If you’ve been living under a rock, you may not have heard about Toronto Hydro Telecom getting into the community wifi broadband business. I for one was surprised to find out that Toronto Hydro had a telecom subsidiary. It turns out, they’re not the only ones.
Also (curiously) absent from any coverage of this plan is mention of UTC Canada, â€œa trade association focused on addressing the critical telecommunications issues for utilities and energy companies in Canada and the providers of telecommunications infrastructure or information technology services.â€?
Remember, these are electrical utilities. A picture is presenting itself of a dormant fibre optic network that has the potential to access almost every telephone pole and/or lamp-post in Southern Ontario. Forgive me for getting myself excited over the prospect of clusters of municipal wifi mesh networks all over the place, but consultant-bloggers need to get out of the house more often.
Is it time to start thinking of broadband as a utility?
It is clear that it is in the public interest to have ubiquitous broadband, and wireless offers a low cost alternative for delivering that last mile. We are long overdue for a proper debate on the topic of the “digital divide”, and this development provides an opening. In disenfranchised communities both inside and outside the city people – kids – do not have access to the single most important technology that is the platform for the knowledge-based economy of the future. I would love to see a GIS map of the city showing the correlation between broadband penetration and average income. Any Regent Park bloggers out there? Arm kids with broadband, inexpensive laptops and provide them with access to video/audio gear and watch a flowering of creative and economic vitality in this city in the years that follow.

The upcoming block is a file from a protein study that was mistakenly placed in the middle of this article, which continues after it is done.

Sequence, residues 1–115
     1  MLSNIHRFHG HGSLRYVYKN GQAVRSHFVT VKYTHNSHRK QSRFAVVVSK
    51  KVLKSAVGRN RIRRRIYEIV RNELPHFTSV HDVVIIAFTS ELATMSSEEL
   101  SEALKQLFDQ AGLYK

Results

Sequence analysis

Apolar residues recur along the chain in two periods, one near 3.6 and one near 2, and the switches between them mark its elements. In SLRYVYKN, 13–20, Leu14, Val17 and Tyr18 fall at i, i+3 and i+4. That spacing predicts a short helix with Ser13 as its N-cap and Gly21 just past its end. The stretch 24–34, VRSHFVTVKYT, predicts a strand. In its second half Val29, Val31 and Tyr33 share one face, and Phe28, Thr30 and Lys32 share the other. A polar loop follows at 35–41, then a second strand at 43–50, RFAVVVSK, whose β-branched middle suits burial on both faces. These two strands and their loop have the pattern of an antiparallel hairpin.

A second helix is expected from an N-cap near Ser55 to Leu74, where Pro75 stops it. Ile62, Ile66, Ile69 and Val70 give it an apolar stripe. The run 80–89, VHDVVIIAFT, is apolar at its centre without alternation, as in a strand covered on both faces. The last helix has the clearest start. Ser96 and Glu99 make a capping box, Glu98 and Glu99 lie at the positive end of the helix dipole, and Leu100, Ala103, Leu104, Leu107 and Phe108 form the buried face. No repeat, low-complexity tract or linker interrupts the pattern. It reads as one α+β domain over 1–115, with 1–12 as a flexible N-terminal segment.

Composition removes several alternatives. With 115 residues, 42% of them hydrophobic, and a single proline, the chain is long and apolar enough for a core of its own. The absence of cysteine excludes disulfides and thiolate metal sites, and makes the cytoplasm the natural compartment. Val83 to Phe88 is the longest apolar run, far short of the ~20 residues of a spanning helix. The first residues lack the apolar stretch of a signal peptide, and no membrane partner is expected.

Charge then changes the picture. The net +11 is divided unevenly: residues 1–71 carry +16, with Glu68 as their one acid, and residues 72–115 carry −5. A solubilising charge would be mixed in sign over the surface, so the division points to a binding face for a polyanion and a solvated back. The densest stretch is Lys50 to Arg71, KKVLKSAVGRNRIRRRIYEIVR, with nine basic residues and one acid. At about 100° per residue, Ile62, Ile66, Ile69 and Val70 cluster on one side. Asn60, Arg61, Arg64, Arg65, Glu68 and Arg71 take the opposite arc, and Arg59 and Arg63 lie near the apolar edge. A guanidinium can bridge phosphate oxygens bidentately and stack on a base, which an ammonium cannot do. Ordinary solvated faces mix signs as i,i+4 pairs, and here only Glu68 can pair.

And don’t get me started on gun violence and its connection to social and economic exclusion.
Rogers, Telus & Bell may not like this idea, but where is the consensus in the public interest? Telecom is ripe for serious disruption, IMHO.
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